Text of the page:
Microsoft released its monthly security update today that fixes a critical flaw in Internet Explorer (IE).
Users are being advised to update their systems following the release of Microsoft’s monthly Patch Tuesday security update, as the May edition includes a critical fixes for zero-day vulnerability in IE and one other flaw rated by the company as a critical security risk.
If exploited, the flaws could allow an attacker to remotely execute code on a targeted system.
Microsoft has listed the critical patches as a top deployment priority as do most of us in the industry.
The flaws impacted every current supported version of both IE and Windows, along with the zero-day status make the deployments an important fix for all users.
Other security issues addressed in the update include eight bulletins rated by Microsoft as important security risks. The flaws include remote code execution as well as a denial of service and another elevation of privilege flaw which could prove to be bigger issues for some customers.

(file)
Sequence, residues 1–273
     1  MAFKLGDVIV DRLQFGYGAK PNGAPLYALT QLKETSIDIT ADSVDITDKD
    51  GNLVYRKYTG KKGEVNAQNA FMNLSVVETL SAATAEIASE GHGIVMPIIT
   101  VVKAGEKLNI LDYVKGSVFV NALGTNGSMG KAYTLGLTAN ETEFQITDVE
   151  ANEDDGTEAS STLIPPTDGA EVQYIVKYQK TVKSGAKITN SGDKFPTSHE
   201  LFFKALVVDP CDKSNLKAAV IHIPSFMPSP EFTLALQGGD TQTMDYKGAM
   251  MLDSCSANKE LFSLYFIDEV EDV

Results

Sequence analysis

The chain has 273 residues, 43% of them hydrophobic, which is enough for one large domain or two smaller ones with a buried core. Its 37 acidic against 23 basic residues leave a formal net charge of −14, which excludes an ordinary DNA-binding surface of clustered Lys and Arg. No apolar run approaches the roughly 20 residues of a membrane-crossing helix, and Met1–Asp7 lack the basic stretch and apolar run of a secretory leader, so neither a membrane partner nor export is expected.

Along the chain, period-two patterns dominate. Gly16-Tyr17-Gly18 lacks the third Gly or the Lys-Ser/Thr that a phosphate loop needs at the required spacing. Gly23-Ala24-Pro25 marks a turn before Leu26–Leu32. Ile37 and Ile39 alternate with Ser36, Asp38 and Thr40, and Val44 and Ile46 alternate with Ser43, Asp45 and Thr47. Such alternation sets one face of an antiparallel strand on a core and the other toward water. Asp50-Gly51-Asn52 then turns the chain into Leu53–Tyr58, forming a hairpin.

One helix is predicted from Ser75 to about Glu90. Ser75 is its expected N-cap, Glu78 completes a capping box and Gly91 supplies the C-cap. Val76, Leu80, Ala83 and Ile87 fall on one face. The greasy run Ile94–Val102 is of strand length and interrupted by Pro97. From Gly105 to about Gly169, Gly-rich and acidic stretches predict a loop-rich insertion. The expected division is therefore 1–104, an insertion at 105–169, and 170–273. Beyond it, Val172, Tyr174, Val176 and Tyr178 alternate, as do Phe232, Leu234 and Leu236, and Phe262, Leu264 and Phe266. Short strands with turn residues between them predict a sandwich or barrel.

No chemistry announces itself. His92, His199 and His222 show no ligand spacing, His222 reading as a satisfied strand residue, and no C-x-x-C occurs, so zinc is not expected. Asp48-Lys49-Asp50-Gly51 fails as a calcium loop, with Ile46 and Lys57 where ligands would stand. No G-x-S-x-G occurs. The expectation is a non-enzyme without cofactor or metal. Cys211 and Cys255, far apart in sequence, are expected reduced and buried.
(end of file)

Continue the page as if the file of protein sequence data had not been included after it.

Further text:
Administrators of Windows Server 2012 systems need to patch as a flaw in the HTTP.sys component could be targeted to perform denial of service attacks, possibly crippling a system and preventing user access for the duration of the attack.
Similarly, a flaw in Windows XP could be exploited in conjunction with other attacks.
Windows XP is not recommend to be run as the dated platform has security concerns, such as an attacker could potentially target one of the Internet Explorer flaws to access a system and then target the elevation privilege flaw to gain total control over the system and potentially wreak further havoc.
Support for Windows XP is ending on April 8, 2014. If you’re running this version after support ends, you won’t get security updates for Windows.